To this point, we have seen how communications majors are being taught new forms of media by having it integrated into the classroom and how we can educate children from an early age about new media and how to use it, but how are the people who will be teaching the children learn the technology they did not have in their previous education?
First off, many colleges have general education classes that are required for every student to take part in. Colleges could change their curriculum to include that every student needs to take a course in new emerging topics taught by a variety of professors who have studied and researched areas such as technology (where new media can be studied), current world topics and innovations in discovery. By doing so, no matter one’s major, this information would be learned by graduation from college and prior to entering the workforce.
However, what about those already in the field who wouldn’t have this opportunity to have the new general education class? That is a little harder and would require a little more expertise.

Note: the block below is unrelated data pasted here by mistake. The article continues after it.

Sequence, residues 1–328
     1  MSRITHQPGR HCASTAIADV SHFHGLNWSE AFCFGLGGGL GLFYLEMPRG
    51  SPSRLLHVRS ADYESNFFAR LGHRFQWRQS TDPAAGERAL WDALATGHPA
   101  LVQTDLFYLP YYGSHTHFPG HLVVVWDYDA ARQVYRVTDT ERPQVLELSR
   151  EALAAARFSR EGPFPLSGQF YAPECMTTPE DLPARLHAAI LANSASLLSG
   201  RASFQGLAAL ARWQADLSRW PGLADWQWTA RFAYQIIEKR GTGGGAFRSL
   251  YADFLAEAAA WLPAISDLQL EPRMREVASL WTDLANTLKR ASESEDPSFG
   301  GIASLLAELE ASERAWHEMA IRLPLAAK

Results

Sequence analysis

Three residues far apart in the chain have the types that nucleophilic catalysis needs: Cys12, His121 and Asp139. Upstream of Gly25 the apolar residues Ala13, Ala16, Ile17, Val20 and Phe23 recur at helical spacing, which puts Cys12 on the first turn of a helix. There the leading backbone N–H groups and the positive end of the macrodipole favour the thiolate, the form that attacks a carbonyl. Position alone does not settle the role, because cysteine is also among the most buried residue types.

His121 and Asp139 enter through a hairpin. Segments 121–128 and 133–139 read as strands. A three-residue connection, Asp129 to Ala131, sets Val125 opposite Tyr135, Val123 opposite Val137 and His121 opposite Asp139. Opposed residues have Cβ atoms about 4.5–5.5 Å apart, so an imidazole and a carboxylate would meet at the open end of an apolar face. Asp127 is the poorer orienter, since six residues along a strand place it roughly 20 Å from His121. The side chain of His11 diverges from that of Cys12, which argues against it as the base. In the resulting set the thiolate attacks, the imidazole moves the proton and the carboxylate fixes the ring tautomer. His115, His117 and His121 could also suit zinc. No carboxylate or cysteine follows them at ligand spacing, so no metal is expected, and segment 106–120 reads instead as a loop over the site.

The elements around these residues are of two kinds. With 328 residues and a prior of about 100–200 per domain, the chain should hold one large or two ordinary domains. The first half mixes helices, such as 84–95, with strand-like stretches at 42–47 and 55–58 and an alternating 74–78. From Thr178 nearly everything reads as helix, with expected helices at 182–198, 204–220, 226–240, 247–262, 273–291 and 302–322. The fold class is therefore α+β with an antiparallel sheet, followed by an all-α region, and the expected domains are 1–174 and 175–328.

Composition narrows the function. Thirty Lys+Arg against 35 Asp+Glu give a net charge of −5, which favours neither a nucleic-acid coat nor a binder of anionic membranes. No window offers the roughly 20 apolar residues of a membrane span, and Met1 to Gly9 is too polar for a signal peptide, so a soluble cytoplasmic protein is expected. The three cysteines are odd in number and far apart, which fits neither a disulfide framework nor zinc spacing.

During one of the many in-service days school districts have, a field expert could be brought in and paired with those who already new about the new technologies to teach the rest of the educators about the importance of new media and the tools that are becoming more popular to distribute this new media. A refresher course could be offered each year during an in-service, so that teachers could remain on the current or cutting edge of new technologies.
By this point, you may be asking what does this have to do with media literacy? To educate the students, who are the future of the world and public, educators need to be brought up to speed on the present and future waves of technology that will ultimately distribute and provide news media to the masses. The educators need to be taught, so they can teach the future of the world of the news tools that are available to them. It would certainly be a work in progress, but in the far-off future, it would fix the problems of media illiteracy.